For what it's worth, you should consider using "shift // die" instead of "shift || die" - unless you want to die when foo is the empty string or 0 or the string "0". –  Chris Lutz Jul 24 '09 at 7:38

I prefer to unpack @_ as a list (your second example). Though, like everything in Perl, there are instances where using shift can be useful. For example passthru methods that are intended to be overridden in a base class but you want to make sure that things still work if they are not overridden.


package My::Base;
use Moose;
sub override_me { shift; return @_; }

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I prefer using

sub do_something_fantastical {
    my ( $foo, $bar, $baz, $qux, $quux, $corge ) = @_;
}

Because it is more readable. When this code is not called to much often it is worth way. In very rare cases you want make function called often and than use @_ directly. It is effective only for very short functions and you must be sure that this function will not evolve in future (Write once function). I this case I benchmarked in 5.8.8 that for single parameter is shift faster than $_[0] but for two parameters using $_[0] and $_[1] is faster than shift, shift.

sub fast1 { shift->call(@_) }

sub fast2 { $_[0]->call("a", $_[1]) }

But back to your question. I also prefer @_ assignment in one row over shifts for many parameters in this way

sub do_something_fantastical2 {
    my ( $foo, $bar, $baz, @rest ) = @_;
    ...
}

When Suspect @rest will not be to much big. In other case

sub raise {
    my $inc = shift;
    map {$_ + $inc} @_;
}

sub moreSpecial {
    my ($inc, $power) = (shift(), shift());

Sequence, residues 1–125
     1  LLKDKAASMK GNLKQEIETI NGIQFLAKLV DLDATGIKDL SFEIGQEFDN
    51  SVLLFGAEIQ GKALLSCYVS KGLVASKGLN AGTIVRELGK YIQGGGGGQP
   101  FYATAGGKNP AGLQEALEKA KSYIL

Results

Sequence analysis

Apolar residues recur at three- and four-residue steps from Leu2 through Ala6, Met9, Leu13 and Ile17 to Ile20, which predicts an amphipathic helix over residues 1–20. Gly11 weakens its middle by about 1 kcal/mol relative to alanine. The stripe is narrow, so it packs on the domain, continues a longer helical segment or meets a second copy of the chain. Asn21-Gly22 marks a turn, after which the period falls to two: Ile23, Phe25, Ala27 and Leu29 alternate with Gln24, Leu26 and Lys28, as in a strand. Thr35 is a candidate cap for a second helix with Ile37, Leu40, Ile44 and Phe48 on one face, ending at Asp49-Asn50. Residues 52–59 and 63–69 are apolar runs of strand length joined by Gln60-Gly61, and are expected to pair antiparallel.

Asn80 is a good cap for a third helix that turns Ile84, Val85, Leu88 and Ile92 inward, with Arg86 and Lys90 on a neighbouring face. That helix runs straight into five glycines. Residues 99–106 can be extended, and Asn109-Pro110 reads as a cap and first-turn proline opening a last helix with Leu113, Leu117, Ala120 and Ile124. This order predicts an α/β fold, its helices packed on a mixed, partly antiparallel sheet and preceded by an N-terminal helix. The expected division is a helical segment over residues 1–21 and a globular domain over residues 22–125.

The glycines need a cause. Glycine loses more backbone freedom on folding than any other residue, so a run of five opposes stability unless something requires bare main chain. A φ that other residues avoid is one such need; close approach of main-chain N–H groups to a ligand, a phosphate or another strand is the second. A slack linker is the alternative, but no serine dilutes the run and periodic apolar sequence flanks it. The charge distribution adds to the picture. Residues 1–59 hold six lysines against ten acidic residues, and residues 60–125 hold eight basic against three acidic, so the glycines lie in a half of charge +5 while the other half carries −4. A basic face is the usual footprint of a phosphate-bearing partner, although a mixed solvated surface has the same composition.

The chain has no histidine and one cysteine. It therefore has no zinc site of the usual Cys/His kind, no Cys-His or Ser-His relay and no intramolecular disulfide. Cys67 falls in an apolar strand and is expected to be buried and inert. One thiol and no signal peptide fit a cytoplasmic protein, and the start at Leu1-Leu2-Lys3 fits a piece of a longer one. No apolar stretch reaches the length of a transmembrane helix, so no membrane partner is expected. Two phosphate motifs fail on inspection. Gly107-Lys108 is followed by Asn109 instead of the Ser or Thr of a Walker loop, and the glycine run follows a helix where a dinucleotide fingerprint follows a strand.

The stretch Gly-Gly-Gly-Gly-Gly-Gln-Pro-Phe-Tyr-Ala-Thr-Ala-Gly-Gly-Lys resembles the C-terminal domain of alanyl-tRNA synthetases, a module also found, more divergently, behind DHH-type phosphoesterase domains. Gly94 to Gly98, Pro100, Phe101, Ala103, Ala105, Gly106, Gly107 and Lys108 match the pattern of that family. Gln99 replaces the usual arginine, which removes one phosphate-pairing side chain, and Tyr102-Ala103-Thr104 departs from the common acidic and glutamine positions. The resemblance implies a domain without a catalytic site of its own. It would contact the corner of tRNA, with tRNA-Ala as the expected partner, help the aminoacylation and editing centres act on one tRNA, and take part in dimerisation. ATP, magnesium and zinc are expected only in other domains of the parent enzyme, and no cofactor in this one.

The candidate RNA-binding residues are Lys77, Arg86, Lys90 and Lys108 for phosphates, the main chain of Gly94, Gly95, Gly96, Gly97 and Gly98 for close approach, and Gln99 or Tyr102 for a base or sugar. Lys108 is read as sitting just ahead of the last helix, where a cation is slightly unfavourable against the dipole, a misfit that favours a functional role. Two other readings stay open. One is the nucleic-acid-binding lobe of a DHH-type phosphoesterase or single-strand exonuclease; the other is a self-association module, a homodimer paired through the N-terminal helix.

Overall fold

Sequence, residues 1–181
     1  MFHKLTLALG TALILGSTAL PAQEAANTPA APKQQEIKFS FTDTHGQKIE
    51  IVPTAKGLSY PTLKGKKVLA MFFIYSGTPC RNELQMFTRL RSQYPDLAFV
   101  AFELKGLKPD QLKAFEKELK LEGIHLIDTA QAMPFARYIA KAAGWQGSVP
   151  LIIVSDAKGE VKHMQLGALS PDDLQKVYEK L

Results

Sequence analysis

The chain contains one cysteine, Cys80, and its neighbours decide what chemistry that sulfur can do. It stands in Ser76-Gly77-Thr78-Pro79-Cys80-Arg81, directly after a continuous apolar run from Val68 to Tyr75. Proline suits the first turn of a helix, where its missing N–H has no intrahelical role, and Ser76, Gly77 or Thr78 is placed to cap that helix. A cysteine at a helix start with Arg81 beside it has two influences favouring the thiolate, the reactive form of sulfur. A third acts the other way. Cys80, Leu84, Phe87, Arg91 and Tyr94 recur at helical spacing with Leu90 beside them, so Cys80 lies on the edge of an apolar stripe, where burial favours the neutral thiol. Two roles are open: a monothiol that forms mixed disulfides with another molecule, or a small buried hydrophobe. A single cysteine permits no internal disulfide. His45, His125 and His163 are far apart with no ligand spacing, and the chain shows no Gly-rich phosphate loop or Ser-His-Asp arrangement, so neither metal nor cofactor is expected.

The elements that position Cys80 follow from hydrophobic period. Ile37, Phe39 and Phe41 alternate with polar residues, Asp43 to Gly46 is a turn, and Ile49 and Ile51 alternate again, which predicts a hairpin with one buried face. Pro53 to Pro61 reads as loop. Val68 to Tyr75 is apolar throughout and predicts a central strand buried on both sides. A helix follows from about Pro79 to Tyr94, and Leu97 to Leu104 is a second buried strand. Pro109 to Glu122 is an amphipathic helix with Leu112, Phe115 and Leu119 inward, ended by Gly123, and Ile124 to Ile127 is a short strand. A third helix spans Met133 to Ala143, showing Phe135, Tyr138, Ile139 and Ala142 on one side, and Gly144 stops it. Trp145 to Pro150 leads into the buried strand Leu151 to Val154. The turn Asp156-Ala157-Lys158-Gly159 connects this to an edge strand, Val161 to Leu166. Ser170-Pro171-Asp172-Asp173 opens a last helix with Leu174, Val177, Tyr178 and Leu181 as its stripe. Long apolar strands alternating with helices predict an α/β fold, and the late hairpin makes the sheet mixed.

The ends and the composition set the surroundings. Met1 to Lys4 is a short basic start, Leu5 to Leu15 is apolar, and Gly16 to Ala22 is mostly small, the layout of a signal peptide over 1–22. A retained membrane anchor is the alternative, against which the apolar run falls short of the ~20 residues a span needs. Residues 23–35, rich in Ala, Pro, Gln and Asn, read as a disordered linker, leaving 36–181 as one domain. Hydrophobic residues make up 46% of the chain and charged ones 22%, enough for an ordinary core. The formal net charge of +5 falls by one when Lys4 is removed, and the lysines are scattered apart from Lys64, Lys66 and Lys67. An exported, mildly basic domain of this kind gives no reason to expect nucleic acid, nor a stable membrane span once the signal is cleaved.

map {($_ + $inc) ** $power} @_;
}

sub quadratic {
    my ($a, $b, $c) = splice @_, 0, 3;
    map {$a*$_*$_ + $b*$_ + $c} @_;
}

In rarely cases I need tail call optimization (by hand of course) then I must work directly with @_, than for short function is worth.

sub _switch    #(type, treeNode, transform[, params, ...])
{
    my $type = shift;
    my ( $treeNode, $transform ) = @_;
    unless ( defined $type ) {
    	require Data::Dumper;
    	die "Broken node: " . Data::Dumper->Dump( $treeNode, ['treeNode'] );
    }
    goto &{ $transform->{$type} }   if exists $transform->{$type};
    goto &{ $transform->{unknown} } if exists $transform->{unknown};
    die "Unknown type $type";
}

sub switchExTree    #(treeNode, transform[, params, ...])
{
    my $treeNode = $_[0];
    unshift @_, $treeNode->{type};    # set type
    goto &_switch;                    # tail call
}

sub switchCompact                     #(treeNode, transform[, params, ...])
{
    my $treeNode = $_[0];
    unshift @_, (%$treeNode)[0];      # set type given as first key
    goto &_switch;                    # tail call
}

sub ExTreeToCompact {
    my $tree = shift;
    return switchExTree( $tree, \%transformExTree2Compact );
}

sub CompactToExTree {
    my $tree = shift;